Mastermind Fumio Myashita proved to be the only remaining member of Far Out in the sextet known as the FEFB, with among others Masanori Takahashi aka Kitaro. The artist foremost known as Fumio would have an impressive output of over a hundred albums later on as new-age artist, primarily writing his music for healing, meditation and sleep.

日本人 is an album pioneering in what would become a rich and colourful Japanese prog-scene.

Lift — Caverns Of Your Brain

1974 / 1976 / 1977 / 2001
36:26 (1974), 73:28 (2001)
Lift - Caverns Of Your Brain
original album, New Orleans 1974: Simplicity / Caverns (19:27), Buttercup Boogie (5:46), Tripping Over The Rainbow (11:13)
Atlanta 1976/1977: Perspectives (9:35), The Toast (5:45), The Waiting Room (5:19), The Masque (8:32)
Chip Gremillion, 2001: Wind Psalm (7:51)
Chip Gremillion - keyboards, piano, synthesizers, Mellotron; Chip Grevemberg - drums, percussion, vocals; Courtenay Hilton-Green - lead vocals, flute (New Orleans); Richard Huxen - guitars, vocals; Cody Kelleher - bass and pedals (New Orleans); Mike Mitchell - guitars, keyboards (Atlanta); Laura "Poppy" Pate - vocals, synthesizer (Atlanta); Tony Vaughn - bass, vocals (Atlanta)

Lift was a band hailing from New Orleans (USA) and managed to record just one album in their 7-years of existence. The original album seems to have been a sort of bootleg until record label Syn-Phonic offered to release the album on CD in 1990. The Original recordings had to be made in just a couple of days. Lack of support and proper promotion prevented the band to get airplay or a lot of gigs. Moving from New Orleans to Atlanta and changes in the line up didn't result in any commercial success and although the band recorded more music, it never came to a second album or a breakthrough.

The band used to open their gigs with Watcher Of The Skies, so one source of inspiration for this 1974 album is obvious. Since Cody Kelleher used both a Rickenbacker bass as well as Taurus pedals, clearly Yes and Flash were also influences. The band made really progressive music in the vein of aforementioned bands. You can recognize the theme from the last part of Supper's Ready in the closing track Tripping Over The Rainbow there too.

In 2001, Cavern Of Your Brain was re-released as The Moment Of Hearing (reviewed here on DPRP). This release features the original album but offers also 5 additional tracks recorded in their Atlanta years, with vocalist Laura Pate. Her clear, high-pitched voice gives the music a different feel but still all the instrumental interludes are really excellent.

All compositions of the original album came from keyboard player Chip Gremillion. His epic composition Inception was recorded by The Samarai Of Prog on their double album Lost And Found. Chip also played keyboards on the album Morning Star (2017) by King Of Agogik.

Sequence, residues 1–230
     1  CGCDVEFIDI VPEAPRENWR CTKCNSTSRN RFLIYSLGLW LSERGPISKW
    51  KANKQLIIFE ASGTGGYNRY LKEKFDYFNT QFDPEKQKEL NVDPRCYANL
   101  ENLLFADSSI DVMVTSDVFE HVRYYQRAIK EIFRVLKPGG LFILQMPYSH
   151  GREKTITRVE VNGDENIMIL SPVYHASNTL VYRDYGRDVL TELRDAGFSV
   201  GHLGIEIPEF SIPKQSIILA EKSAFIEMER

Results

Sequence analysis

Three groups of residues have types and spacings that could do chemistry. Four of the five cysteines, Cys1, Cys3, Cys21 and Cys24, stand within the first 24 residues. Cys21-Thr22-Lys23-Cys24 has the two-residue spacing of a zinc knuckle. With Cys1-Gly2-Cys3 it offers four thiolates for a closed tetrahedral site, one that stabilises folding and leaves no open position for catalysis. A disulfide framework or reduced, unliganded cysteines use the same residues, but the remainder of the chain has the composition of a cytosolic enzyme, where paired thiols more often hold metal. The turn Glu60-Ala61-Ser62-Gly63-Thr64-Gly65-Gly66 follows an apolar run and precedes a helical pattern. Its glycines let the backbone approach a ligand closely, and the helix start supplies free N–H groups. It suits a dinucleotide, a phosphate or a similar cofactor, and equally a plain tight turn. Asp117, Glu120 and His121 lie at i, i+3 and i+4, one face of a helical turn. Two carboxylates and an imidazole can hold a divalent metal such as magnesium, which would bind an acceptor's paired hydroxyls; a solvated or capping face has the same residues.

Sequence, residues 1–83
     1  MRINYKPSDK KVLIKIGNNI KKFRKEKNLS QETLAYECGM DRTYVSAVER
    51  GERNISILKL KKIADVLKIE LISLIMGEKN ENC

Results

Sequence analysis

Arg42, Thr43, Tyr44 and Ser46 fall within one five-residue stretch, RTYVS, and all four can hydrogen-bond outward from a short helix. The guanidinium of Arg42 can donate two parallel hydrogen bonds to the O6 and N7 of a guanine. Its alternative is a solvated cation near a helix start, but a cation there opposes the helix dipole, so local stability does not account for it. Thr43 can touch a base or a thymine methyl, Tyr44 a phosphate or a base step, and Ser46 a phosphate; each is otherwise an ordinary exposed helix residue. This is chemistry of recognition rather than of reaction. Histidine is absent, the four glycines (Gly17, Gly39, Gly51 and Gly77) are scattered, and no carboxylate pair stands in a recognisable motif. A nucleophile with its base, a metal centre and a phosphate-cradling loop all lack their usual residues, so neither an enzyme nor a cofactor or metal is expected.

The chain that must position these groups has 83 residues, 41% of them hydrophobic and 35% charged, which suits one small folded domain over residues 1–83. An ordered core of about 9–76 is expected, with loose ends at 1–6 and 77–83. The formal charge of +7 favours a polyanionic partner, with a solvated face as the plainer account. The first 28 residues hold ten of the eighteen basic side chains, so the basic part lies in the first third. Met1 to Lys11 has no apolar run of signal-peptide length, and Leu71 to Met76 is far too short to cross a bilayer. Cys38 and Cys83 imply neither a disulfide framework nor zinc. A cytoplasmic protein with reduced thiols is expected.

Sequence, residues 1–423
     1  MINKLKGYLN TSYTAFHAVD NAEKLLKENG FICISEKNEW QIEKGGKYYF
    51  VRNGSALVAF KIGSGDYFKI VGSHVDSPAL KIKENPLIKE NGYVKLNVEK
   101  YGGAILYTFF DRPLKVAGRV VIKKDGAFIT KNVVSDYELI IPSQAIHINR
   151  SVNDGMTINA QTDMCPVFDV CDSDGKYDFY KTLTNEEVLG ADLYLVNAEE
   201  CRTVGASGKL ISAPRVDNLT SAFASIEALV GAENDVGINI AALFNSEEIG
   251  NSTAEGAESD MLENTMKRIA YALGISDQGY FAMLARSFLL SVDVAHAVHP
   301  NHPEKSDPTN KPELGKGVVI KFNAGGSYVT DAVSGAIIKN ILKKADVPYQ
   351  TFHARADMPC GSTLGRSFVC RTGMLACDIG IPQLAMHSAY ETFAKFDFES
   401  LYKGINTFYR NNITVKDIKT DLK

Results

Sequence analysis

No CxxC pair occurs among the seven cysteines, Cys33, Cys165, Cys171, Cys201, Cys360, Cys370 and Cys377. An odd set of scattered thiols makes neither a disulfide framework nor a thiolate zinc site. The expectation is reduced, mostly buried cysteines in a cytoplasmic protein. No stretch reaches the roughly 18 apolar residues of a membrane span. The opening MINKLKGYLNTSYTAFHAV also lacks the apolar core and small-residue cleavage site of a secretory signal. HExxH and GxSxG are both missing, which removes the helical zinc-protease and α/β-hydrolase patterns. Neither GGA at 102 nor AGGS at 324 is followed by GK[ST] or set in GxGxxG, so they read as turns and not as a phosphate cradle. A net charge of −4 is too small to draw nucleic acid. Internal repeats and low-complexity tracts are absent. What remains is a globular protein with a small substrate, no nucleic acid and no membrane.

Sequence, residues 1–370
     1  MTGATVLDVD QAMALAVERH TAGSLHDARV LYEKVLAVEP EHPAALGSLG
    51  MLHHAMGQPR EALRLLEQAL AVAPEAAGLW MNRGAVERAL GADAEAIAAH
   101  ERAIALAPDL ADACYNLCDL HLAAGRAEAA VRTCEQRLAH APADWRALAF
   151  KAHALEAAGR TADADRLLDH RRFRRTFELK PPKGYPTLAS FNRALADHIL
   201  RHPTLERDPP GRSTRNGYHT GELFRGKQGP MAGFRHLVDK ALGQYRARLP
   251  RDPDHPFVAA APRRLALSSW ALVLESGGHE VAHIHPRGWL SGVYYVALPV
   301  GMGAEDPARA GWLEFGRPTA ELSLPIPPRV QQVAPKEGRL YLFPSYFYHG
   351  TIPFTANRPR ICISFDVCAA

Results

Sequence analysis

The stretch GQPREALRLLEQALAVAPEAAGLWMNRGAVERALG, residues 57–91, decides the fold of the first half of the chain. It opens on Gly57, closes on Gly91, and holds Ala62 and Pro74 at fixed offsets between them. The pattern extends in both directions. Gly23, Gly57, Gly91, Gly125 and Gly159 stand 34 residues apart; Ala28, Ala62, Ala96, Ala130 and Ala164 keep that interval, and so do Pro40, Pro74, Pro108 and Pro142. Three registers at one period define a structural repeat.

Skryvania — Skryvania

Skryvania - Skryvania
LP: Tristan & Iseult (11:03), Raid (3:24), Le château d'Orphée (7:25), Intro (2:25), Epopée (10:33), Final (5:59)
CD bonus tracks: Renaissance (9:05), Ritual (1:17), Close To The Edge (0:59), Hairless Heart (2:14), Le Château d'Orphée (7:06)
Henry-Jean Aubin - organ, synthesizers, violin; Harold Bakobza - organ, synthesizers, violin; Olivier Marina - guitars, vocals; Benoît Reeves - drums, percussion; Alain Yvorra - bass, bass pedals, vocals

These youngsters from the Parisien suburbs area were still in high school when they decided to form a band in 1975 and play music in the vein of Yes, Genesis, Pink Floyd and early King Crimson.

By the time they started writing their own material original keyboard player Aubin had been replaced by Bakobza.

With help of a famous local radio presenter and sound engineer the band, obviously with no money of their own, got the opportunity to record their sole album, which was released in 1978. Only 200 copies wre pressed at the time in Belgium.

Although the influences of the bands mentioned are rather obvious, they may have listened to fellow countrymen Pulsar, Mona Lisa, or even Ange when they wote the songs for their debut.

Bass player Yvorra must have had Chris Squire as biggest influence and drummer Reeves tries very hard to sound like Bill Bruford. Most surprisingly, perhaps, he succeeds in doing so.

Keyboards consist mainly of string synth and organ, but the orchestrations are sounding really great.

Guitar player Marina plays a bit rockier than Steve Hackett, and his sound is more high-pitched. He has the speed and virtuosity of guitarists like Ritchie Blackmore.

There is some singing (in French) on the first few tracks but all other tracks, including the bonus tracks on the CD release, are instrumental.

Besides the longer tracks Renaissance and an instrumental version of Le château d'Orphée, the remaining bonus tracks are a tribute to Yes with a few minutes extracts from Ritual and Close To The Edge. In the last bonus track, the band pays hommage to Genesis in Hairless heart.

The sound quality may be rather poor and most certainly not up to current standards, but I still consider Skryvania to be a lost gem. What a shame these young talented musicians didn't get a record deal and proper guidance and management. Sadly this was the fate of many groups in the late seventies when progressive rock already began to lose popularity.